For instance: if ex will move out (or allow my move out) without drama, I will reimburse the first/last month of rent plus security on her new apartment (or X months rent on the apartment I'm leaving) but if there is trouble, that offer goes off the table.

Or, I'll pay for her next 3 counseling sessions if the break remains clean.... or whatever deal I want to negotiate for a peaceful ending.

I'd also change this, "...then sit with yourself, all alone, and deal with the fear/anxiety, loneliness..." to the complete OPPOSITE. I'd form an incentive for myself to focus PAST paralysis and move TOWARD something wonderful, instead.

I'd plan an immediate post-breakup trip or goal with family or friends to REWARD myself for a difficult task. Then, I'd deliver the breakup with my bags all packed and shuttle myself straight to my launching point with a celebratory goal.

If you WANT to stew in misery, you can do that. OR, you can regard this life experience as a lesson in problem-solving and mitigate the degree of suffering you 'must' endure.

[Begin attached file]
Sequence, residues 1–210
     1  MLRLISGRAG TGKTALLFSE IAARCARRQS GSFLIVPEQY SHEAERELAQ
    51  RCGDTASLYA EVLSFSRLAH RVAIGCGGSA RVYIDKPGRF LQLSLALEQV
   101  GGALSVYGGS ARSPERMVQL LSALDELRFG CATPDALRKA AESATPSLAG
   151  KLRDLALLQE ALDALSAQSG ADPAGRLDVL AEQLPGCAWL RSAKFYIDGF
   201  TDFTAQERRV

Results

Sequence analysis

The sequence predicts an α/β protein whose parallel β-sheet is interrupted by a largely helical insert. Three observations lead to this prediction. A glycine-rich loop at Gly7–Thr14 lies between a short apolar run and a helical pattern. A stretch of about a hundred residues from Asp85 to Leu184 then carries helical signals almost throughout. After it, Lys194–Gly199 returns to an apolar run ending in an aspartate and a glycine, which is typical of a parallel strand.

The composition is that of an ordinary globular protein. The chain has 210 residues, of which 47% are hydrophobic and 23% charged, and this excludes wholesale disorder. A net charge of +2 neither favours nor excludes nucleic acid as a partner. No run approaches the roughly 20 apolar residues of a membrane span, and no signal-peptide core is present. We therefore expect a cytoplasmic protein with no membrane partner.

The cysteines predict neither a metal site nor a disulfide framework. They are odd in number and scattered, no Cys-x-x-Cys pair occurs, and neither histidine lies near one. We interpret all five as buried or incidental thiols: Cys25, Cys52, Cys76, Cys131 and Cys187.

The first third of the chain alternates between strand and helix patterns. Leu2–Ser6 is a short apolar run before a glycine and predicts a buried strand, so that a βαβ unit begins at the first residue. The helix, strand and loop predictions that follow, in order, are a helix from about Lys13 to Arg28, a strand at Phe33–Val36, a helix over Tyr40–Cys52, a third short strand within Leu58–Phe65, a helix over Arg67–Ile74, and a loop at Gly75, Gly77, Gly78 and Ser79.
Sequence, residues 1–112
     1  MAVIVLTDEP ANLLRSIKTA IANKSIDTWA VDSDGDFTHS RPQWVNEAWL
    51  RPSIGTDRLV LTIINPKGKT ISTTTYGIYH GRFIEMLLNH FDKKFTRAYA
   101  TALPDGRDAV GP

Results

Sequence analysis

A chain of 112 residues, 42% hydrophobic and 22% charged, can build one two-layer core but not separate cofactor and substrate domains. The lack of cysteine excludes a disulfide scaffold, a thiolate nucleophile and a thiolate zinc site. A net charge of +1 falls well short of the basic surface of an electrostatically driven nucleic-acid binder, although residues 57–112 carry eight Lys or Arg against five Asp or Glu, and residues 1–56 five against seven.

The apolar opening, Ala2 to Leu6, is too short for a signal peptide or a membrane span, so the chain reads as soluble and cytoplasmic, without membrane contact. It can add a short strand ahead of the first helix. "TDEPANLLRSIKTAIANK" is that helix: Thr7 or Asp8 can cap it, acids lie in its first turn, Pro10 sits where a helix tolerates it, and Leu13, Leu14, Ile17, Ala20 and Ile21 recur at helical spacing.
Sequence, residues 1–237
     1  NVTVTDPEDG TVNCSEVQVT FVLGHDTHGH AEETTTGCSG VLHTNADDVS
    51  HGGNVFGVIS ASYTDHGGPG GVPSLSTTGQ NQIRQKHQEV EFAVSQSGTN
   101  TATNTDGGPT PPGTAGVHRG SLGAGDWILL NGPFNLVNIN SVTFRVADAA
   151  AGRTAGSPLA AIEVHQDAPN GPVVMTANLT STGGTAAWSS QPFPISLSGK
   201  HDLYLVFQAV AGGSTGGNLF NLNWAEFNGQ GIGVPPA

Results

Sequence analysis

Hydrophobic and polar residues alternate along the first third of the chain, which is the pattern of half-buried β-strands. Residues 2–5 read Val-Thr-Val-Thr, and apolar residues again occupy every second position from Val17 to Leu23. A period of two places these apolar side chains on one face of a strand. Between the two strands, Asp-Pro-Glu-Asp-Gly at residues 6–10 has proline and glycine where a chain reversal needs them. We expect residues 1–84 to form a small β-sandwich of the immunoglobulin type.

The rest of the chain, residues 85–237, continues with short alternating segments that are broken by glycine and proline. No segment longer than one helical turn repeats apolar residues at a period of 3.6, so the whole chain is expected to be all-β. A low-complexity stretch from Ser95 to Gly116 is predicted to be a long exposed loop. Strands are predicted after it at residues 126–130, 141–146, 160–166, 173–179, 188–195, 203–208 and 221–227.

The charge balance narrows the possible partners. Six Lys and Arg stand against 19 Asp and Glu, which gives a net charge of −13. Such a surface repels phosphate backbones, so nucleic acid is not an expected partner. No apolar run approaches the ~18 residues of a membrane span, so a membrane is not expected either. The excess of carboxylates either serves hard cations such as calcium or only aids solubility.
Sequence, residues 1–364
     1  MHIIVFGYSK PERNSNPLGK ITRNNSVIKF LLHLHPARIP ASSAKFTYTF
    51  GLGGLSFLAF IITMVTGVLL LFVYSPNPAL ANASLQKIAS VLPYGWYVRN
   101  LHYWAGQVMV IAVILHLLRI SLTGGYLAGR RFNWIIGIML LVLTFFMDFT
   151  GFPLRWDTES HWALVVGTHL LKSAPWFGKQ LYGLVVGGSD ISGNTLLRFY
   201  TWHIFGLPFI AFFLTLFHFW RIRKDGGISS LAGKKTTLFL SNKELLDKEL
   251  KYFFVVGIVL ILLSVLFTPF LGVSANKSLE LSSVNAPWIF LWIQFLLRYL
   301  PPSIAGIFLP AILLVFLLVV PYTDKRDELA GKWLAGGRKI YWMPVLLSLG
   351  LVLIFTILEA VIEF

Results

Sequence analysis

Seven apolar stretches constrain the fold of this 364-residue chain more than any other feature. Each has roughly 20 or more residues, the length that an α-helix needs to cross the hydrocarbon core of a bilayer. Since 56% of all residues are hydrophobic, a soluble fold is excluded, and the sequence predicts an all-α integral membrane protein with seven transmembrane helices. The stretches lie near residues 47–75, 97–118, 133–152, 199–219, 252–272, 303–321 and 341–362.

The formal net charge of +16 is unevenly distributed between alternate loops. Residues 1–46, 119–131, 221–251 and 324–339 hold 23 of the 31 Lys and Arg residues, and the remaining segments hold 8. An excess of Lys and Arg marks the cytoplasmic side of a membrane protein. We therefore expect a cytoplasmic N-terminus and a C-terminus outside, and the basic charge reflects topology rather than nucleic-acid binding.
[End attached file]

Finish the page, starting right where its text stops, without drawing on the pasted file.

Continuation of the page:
It's a decision. Choose wisely.

 

Edited by catfeeder
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So I never felt "alone" because of a breakup of a romantic relationship (because I wasn't) but I also never tried to "embrace" being single (or unmarried - to me I was always single until engaged but of course if I was in an exclusive relationship I didn't date/try to date others).  That would have been a lie.  I wanted to be married and have the chance to try for a biological child if possible.  I had a fun, fulfilling active life - friends/family/work/volunteer work/social activities but I never saw the need to pressure myself to embrace being single since marriage/family were two of my top goals in life - and I had a really short list of broad life goals (lots of smaller ones, still do).

I knew I might never find the right person -no guarantees - but it didn't mean I had to feel totally fulfilled if it never happened or rationalize that it was better or "freer" to be single (I feel freer being married, less free now being a parent during a pandemic than were I child free - but it's still more than totally worth it).

I like Catfeeder's input.